Frostbite is an uncommon event that can occur from exposure to temperatures below -4 degrees C and can lead to potential serious tissue damage and necrosis. This in turn can result in debilitating amputations in otherwise healthy people. The pathophysiological mechanisms of frostbite have marked similarities to those seen in thermal burns, ischemia/reperfusion injuries and crush injuries–i.e., non-healing wounds and inflammatory processes. These injuries are commonly treated with hyperbaric oxygen therapy. Evidence for treating frostbite with hyperbaric oxygen (HBO2) is scarce, and to date HBO2 is not a standard addition in the multidisciplinary care of freezing injuries. We aim to contribute to the available evidence with a case report and review the literature to reassess the multidisciplinary treatment of frostbite injuries. We present a case report of a woman with deep frostbite of the toes treated with hyperbaric oxygen therapy, after a delay of 21 days, with good results. No surgical intervention was needed. A literature search revealed 17 human case reports on frostbite and four animal studies in which hyperbaric oxygen was applied. All case reports showed positive effects, and in none of the cases was amputation necessary. In the animal studies, two showed significant positive results regarding tissue loss and reduction of inflammatory markers, whereas two did not. Based on our case report as well as the literature and the mechanisms of hyperbaric oxygen, we make the recommendation that this therapy be considered as an addition to the multidisciplinary treatment of frostbite, even after significant delay of treatment.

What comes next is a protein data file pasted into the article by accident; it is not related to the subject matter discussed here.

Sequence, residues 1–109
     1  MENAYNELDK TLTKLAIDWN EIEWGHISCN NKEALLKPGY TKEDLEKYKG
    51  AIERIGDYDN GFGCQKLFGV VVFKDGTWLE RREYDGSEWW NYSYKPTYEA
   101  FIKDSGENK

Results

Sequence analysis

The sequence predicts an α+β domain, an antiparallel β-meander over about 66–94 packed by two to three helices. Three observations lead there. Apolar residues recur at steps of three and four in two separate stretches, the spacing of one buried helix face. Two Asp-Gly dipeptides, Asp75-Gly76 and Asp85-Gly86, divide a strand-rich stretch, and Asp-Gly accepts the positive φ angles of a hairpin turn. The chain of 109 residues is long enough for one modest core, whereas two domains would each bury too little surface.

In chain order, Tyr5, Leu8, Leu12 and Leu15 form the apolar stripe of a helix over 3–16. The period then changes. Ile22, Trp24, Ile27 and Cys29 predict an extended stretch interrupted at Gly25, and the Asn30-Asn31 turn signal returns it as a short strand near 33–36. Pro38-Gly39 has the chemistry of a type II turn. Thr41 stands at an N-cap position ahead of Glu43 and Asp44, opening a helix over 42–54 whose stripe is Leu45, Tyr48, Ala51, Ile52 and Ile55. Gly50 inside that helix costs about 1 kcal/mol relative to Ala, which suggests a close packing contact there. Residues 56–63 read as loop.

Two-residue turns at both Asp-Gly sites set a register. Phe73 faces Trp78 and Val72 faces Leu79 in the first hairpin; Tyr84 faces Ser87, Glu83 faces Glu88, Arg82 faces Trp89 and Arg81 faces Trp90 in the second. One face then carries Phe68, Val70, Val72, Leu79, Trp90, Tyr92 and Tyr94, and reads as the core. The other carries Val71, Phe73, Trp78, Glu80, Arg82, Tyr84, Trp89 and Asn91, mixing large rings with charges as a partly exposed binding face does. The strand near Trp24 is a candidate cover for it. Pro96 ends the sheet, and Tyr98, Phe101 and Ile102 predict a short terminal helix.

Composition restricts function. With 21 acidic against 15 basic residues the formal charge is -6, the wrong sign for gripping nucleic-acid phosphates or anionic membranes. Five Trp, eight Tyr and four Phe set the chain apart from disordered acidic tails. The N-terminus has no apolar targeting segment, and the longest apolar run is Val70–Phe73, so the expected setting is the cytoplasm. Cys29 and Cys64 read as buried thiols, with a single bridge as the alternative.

Kemper, de Jong, Anema, van den Brink, van Hulst, , , , (). Frostbite of both first digits of the foot treated with delayed hyperbaric oxygen:a case report and review of literature. Undersea & hyperbaric medicine : journal of the Undersea and Hyperbaric Medical Society, Inc, ;41(1):65-70. https://www.ncbi.nlm.nih.gov/pubmed/24649719